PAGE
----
Why Are Engineers Intentionally Crashing Drones?
Shane Laros posted on August 13, 2016 |
Research at Johns Hopkins aims to improve cybersecurity in future drone designs.
This is what researchers call an “uncontrolled landing.” (Image courtesy of Will Kirk/Johns Hopkins University.)
This is what researchers call an “uncontrolled landing.” (Image courtesy of Will Kirk/Johns Hopkins University.)
With sales of drones steadily increasing, many manufacturers are jumping on the bandwagon to produce low-cost unmanned aerial vehicles (UAVs) for amateur hobbyists.

These drones, however, are often at risk from determined individuals trying to take them down. While anti-drone measures are in the works to protect the public, identifying security vulnerabilities in UAVs is often an afterthought by manufacturers and designers.

Enter a research team from Johns Hopkins University, which has endeavored to identify, test and report on these vulnerabilities in a common hobbyist-level drone.

The team of five grad students and their supervisor was able to identify three cybersecurity measures absent from the drone, and exploit them to cause it to either land or crash using the following approaches:

  • By bombarding the drone with numerous wireless connection requests in rapid succession, the researchers were able to overload the drone’s CPU, causing it to shut down. This caused an “uncontrolled landing.”
  • Another crash was caused by sending the drone an exceptionally large data packet, exceeding the capacity of a buffer in the aircraft's flight application.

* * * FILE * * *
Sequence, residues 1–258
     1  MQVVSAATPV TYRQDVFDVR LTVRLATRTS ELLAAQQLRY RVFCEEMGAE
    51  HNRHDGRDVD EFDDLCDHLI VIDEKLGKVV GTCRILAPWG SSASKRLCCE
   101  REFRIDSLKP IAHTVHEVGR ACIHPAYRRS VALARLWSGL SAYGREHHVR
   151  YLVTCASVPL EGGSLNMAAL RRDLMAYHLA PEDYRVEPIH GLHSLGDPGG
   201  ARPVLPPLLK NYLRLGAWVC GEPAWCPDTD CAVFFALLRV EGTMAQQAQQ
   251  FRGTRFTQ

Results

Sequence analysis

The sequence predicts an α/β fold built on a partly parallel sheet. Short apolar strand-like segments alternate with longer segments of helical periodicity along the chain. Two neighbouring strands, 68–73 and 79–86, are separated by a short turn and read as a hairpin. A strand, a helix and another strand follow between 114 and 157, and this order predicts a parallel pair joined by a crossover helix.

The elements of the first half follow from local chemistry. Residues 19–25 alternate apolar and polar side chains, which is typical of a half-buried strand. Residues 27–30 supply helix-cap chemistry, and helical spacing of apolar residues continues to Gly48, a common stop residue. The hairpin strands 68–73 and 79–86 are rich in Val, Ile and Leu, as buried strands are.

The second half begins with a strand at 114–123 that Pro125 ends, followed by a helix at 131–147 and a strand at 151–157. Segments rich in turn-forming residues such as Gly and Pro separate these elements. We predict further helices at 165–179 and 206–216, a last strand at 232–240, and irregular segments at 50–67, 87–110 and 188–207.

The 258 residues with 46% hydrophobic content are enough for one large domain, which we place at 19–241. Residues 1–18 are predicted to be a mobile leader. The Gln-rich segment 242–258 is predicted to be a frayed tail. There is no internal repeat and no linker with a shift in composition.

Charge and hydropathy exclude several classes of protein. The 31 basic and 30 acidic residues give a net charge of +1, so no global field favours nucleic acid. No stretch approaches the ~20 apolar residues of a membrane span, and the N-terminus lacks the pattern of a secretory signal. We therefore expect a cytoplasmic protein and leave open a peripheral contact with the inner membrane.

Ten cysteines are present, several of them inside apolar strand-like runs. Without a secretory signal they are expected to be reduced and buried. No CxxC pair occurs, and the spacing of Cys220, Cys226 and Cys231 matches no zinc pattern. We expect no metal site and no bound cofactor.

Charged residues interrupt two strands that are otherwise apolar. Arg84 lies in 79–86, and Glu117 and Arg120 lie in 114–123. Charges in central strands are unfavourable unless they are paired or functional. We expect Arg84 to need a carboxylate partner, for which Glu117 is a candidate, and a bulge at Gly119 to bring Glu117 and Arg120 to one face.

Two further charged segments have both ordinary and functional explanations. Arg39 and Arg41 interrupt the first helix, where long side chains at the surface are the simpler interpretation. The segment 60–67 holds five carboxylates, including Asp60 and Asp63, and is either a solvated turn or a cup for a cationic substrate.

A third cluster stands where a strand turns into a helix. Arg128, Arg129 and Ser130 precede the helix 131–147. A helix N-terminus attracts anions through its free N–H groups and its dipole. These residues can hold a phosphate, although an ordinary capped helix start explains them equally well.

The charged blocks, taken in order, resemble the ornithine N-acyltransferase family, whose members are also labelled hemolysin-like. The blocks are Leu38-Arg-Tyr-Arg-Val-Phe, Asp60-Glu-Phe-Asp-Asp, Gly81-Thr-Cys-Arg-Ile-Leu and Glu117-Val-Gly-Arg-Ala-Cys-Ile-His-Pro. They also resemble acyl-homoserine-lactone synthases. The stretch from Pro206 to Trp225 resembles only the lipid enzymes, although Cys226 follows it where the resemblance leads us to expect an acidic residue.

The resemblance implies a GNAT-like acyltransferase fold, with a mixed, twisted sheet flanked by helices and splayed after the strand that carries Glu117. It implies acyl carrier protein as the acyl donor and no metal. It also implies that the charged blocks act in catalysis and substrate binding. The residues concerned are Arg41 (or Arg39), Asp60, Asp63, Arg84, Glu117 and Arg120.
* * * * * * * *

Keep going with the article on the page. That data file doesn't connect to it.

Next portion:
• Lastly, the researchers repeatedly sent a fake digital packet from their laptop to the drone's controller, telling it that the packet's sender was the drone itself. Eventually, the controller identified the data as its own, breaking connection to the actual UAV. This forced an emergency landing.

Lanier A. Watkins, a senior cybersecurity researcher at the university's Whiting School of Engineering who supervised the recent drone research, noted the importance of cybersecurity in readily available UAVs.

"You see it with a lot of new technology. Security is often an afterthought. The value of our work is in showing that the technology in these drones is highly vulnerable to hackers," Watkins noted.

"We found three points that were actually vulnerable, and they were vulnerable in a way that we could actually build exploits for. We demonstrated here that not only could someone remotely force the drone to land, but they could also remotely crash it in their yard and just take it," he added.

Watkins and his team reported the findings to the manufacturer in question, and have moved on to larger and more expensive drone models, hoping to find that their security measures are vulnerability free.

Hopefully, the drones being developed for use in logistics and package deliveries will avoid these issues; otherwise, someone else may end up with your Amazon order on their lawn.

Recommended For You